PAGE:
An extraordinary performance in one of the most prestigious halls of Northern Europe, simultaneously broadcast by Swedish National Radio. With exquisite accompaniment by Subhash Sarkar on tabla and Wini Hald on tamboura, this recording is a musical treat for your heart and soul. It is best suited for evening listening.
Mats Einarsson, producer at the Swedish Broadcasting Corporation, met Roop Verma one cold October day in 1997 in Gothenburg. During their conversation they discussed the deeper aspects of the Indian raga, an ancient music with its roots in religious traditions. Roop emphasized that the function of music in the old temples was to create an inner peace. For example, the tamboura plays a very important part. With its never-ending flow of the same tone, it creates a horizontal line through the music, a syllable of sound, as Roop says, which brings your mind into focus and relaxation.
Portions of their conversation follow:
M. E. Classical North Indian music, music from a different culture and time, with roots in religious customs. Doesn’t one need a lot of knowledge about the Indian raga to be able to enjoy this music?
R. V. Not at all. If I have never been to the ocean, and for the first time you invite me there, there is no need to explain what it’s like. You don’t need to explain what a relaxed state of being it will be there. I just lie down on the sand and enjoy. We should approach music in the same way.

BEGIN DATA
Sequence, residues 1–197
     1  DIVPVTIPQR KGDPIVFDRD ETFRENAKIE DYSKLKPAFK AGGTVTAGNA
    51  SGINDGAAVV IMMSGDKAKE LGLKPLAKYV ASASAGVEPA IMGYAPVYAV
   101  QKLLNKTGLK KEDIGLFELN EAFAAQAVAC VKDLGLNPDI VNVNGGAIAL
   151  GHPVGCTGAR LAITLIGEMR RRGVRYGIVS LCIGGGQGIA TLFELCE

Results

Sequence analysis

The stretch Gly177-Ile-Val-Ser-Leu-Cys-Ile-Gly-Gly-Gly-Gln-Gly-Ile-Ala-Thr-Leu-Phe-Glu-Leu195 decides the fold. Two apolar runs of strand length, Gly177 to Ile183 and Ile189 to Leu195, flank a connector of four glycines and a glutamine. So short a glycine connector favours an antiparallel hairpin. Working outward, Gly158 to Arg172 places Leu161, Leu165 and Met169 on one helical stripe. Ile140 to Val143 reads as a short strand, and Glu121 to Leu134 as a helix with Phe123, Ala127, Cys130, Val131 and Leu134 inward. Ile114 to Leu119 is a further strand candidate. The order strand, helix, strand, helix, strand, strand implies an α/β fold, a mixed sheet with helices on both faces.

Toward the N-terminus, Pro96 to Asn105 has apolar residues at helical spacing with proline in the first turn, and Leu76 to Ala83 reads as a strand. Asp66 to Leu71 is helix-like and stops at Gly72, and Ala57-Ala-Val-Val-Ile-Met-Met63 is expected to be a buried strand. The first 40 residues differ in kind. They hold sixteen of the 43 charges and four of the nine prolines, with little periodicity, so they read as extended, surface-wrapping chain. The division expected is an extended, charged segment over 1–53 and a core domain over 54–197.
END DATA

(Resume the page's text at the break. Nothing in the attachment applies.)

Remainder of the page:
M. E. Should I really listen to it, or should I just feel the music?
R. V. Both are necessary. You pay some attention to the tuning and how the music is unfolding, to the different segments of music. But this is a very small part. This music, being an experiential music, must be experienced. It has to be felt. Because, as long as we are engrossed or confined to the structure, we miss the soul. The soul of music is behind the structure. So when we let the music flow by itself and just penetrate the whole body, so to speak, that’s the time the mind starts to pay less attention to the structure and the experience reaches the highest level by itself.
During later years, many of Roop’s concerts have been followed by Nada Yoga seminars. Nada Yoga is an old tradition with its origin in the temples.
R. V. The word nada comes from the Sanskrit word nad, which means to flow. So the sound, that continuity of the flow, is the key point here. The sound is used to create that sustained effect on the mind.
Produced in Sweden by Prova Productions.
1. Raga Mishra Kirwani Inner Search
2. Raga Manjh Khamaj Love and longing, union and joy
3. Dhun Salute to Life
4. Dhun Celebration